By Alex Berger
U.S. newspaper circulation is dropping. The decline is attributed to advertising and readership lost to the Web. Over the past few years, much has been made of the rise of what is called “citizen journalism,” anyone who has the initiative to pursue the same stories as the traditional media and then put that information on the Internet. This infringement, among other non-professional disseminators of the news, has contributed to the decline.
Despite a pessimistic forecast, most newspapers remain profitable. “That’s encouraging,” wrote Alex Jones, a Pulitzer Prize-winning media critic, in his 2009 book “Losing the News.” In the face of the convergence of the recession, 24/7 news technology and shifting demographics, Jones’ coffee cup is half full. “The story isn’t that newspapers are dying, the story is that, even though people can get the same content online for free, they’re still reading [traditional] newspapers,” he wrote.
“Some of the answers as to why they still buy could be the readers’ newspaper habits, the following of specific newspaper sections or even the thrill of solving the daily crossword puzzle,” according to Jones. Other answers, Jones suggests, may be that Americans are becoming aware that newspapers do most of the heavy lifting when it comes to reporting. When the newsroom goes dark, who or what will light the way?
But Jones’ view is not that of a romantic. He is a businessman and citizen who believes in the connection between quality news and a successful democracy.
His nightmare scenario is that current trends, if they continue, eventually could produce “a yawning disparity in accurate knowledge as there is in wealth …. We could be heading for a well-informed class at the top and a broad populace awash in opinion, spin and propaganda. Traditional newspapers [still] remain the ‘iron core’ of information.”
He submits that other news media by online and citizen journalists produce some news and investigative journalism, but traditional media produce the bulk. Thus far, only traditional media have the money and wherewithal to withstand inevitable court battles. Unknown is how some of the newer journalism entities could and would respond to similar challenges.
Jones does not shy away from charges that the media are biased, but insists the media are not monolithic. Reporters and editors are human and make mistakes, but they are also bound by standards and accountability matters. He, meanwhile, stakes great faith in Americans’ ability to distinguish between entertainment centered around public issues and traditional journalism. He predicts newspapers will develop new business models and survive.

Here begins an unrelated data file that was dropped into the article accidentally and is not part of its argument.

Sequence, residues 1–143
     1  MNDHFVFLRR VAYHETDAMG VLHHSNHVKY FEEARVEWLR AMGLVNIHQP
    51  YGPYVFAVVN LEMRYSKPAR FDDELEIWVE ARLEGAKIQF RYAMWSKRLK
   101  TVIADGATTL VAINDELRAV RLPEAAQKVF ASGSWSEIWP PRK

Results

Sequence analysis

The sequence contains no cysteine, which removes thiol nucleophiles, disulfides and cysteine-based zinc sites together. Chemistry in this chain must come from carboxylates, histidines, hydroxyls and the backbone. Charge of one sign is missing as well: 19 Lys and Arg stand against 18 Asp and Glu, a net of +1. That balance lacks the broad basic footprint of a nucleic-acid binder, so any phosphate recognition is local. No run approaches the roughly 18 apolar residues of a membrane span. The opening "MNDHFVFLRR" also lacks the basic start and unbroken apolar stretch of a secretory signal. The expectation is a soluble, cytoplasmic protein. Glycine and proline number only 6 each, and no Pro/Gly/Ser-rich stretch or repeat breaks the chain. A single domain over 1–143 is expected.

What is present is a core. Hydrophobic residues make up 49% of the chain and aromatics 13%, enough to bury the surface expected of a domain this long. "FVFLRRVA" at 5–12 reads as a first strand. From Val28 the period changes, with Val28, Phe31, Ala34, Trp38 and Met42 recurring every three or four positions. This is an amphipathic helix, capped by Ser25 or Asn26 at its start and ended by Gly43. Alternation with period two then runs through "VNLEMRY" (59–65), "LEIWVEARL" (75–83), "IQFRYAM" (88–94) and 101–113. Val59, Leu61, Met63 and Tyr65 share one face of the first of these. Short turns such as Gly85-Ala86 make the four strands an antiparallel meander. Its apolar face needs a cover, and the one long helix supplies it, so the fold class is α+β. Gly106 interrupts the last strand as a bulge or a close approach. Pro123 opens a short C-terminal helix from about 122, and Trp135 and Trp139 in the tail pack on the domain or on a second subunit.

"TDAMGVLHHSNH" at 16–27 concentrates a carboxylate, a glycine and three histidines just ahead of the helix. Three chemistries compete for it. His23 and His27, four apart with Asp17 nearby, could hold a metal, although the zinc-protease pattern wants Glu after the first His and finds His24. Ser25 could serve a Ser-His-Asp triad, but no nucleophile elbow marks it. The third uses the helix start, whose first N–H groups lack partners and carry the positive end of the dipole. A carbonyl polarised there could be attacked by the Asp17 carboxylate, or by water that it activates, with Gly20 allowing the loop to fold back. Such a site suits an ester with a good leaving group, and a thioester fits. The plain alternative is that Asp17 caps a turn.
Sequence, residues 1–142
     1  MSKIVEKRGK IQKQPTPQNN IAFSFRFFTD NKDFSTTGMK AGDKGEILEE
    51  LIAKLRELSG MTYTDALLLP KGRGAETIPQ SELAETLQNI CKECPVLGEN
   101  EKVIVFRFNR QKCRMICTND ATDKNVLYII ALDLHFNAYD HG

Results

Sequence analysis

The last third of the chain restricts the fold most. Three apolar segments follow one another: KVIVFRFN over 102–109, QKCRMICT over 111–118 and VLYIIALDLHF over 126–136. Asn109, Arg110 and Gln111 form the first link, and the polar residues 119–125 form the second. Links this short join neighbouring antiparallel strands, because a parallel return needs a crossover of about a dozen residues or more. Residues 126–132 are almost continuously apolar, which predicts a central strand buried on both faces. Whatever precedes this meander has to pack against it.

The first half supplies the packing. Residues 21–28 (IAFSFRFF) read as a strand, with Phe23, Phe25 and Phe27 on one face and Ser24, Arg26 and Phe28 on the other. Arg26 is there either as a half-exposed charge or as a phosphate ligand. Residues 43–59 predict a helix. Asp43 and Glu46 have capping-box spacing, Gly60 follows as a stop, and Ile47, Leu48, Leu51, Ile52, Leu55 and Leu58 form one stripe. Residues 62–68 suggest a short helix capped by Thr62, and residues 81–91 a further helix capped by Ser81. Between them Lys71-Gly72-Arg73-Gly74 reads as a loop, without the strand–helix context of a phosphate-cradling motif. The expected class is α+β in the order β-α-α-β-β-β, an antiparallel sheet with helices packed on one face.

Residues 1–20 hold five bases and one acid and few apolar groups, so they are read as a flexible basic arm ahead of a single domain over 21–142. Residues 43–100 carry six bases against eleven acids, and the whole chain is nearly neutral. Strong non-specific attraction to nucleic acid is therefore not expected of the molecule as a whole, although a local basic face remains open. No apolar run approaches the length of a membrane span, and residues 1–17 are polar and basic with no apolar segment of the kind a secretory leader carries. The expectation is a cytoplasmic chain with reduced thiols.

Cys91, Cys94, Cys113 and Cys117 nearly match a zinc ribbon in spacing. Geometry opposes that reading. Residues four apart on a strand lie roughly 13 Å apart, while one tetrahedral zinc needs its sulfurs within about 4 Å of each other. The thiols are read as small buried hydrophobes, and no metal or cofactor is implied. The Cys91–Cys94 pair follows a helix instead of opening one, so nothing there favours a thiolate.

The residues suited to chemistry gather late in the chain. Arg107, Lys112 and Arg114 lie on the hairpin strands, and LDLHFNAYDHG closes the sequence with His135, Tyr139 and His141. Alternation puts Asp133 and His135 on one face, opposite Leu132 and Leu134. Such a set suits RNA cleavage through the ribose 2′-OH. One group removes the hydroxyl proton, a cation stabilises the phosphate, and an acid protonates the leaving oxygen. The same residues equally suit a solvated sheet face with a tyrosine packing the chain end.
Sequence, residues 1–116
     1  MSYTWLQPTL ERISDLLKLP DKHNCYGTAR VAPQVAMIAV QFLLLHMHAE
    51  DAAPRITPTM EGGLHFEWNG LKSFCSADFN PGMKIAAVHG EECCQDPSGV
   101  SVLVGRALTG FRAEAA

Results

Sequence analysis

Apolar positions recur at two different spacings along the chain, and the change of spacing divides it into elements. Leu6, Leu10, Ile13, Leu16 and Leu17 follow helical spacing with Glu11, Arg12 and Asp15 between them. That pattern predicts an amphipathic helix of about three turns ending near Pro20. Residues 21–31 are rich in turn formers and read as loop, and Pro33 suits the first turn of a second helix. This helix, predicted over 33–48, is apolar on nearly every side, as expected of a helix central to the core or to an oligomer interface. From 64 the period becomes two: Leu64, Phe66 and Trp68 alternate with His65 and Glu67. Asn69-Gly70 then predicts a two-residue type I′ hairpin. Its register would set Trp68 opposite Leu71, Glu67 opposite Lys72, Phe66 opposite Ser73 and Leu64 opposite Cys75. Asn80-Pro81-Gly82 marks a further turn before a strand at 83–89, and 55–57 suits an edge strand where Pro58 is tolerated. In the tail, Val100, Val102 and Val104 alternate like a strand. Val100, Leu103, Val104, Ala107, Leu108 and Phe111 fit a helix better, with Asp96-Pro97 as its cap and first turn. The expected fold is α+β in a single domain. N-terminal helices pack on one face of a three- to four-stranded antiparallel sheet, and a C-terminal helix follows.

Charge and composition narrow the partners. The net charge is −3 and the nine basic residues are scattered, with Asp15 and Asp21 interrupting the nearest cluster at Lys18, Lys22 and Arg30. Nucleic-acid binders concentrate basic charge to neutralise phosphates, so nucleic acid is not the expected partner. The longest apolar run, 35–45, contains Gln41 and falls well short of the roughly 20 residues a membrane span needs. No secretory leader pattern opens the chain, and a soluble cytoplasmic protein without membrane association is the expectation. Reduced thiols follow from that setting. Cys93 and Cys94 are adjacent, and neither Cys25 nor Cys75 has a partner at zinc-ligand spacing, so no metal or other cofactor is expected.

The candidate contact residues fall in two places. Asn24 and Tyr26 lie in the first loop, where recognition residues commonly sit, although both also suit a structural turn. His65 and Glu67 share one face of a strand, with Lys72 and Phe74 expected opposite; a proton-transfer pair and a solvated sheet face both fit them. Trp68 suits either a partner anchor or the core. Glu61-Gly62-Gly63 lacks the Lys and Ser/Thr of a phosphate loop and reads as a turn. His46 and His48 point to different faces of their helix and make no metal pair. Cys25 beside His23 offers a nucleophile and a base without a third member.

In France, which has one of the lowest newspaper readerships in Europe, one paper, Mon Quotidien (My Daily), already has. It invites several of its younger readers — 18 to 24 — twice weekly to help pick stories for the paper, except for the front page. “We propose, they choose,” said an editor. The daily newspaper has since become more appealing to the younger set and circulation has gone up. This is an innovative way for young adults to stay informed and establishes a good attitude toward reading. Another French newspaper ships free copies to every teacher in France. Nothing is done via the Internet.
Should American newspapers adopt alternate methods of delivery? Yes, Jones said, but no matter how they try to reach an audience, the task newspapers perform remains the same. The job involves putting reporters, photographers and videographers out on the street so they can cover happenings. But they must still remain true to their “authentic self and committed to community, social responsibility and to quality.”
In portraying newsworthy events and the need to inform readers, no one does it better than professional reporters, not by citizens who fancy themselves journalists. Journalism is more than just putting one’s thoughts and speculations online for the world to see. Elements of investigation, fairness and ethics are what make professional journalism relevant and essential today and forever.
I share Jones’ optimism about the future of newspapers. Readers, I hope you will continue to need and read traditional newspapers — including this one — and value what we journalists do as professionals.
Incidentally in July 2011, I will have written 20 years of continuous Berger’s Burg columns, never missing one week. With your unceasing support, I intend to write them 20 years more.
Contact Alex Berger at email@example.com.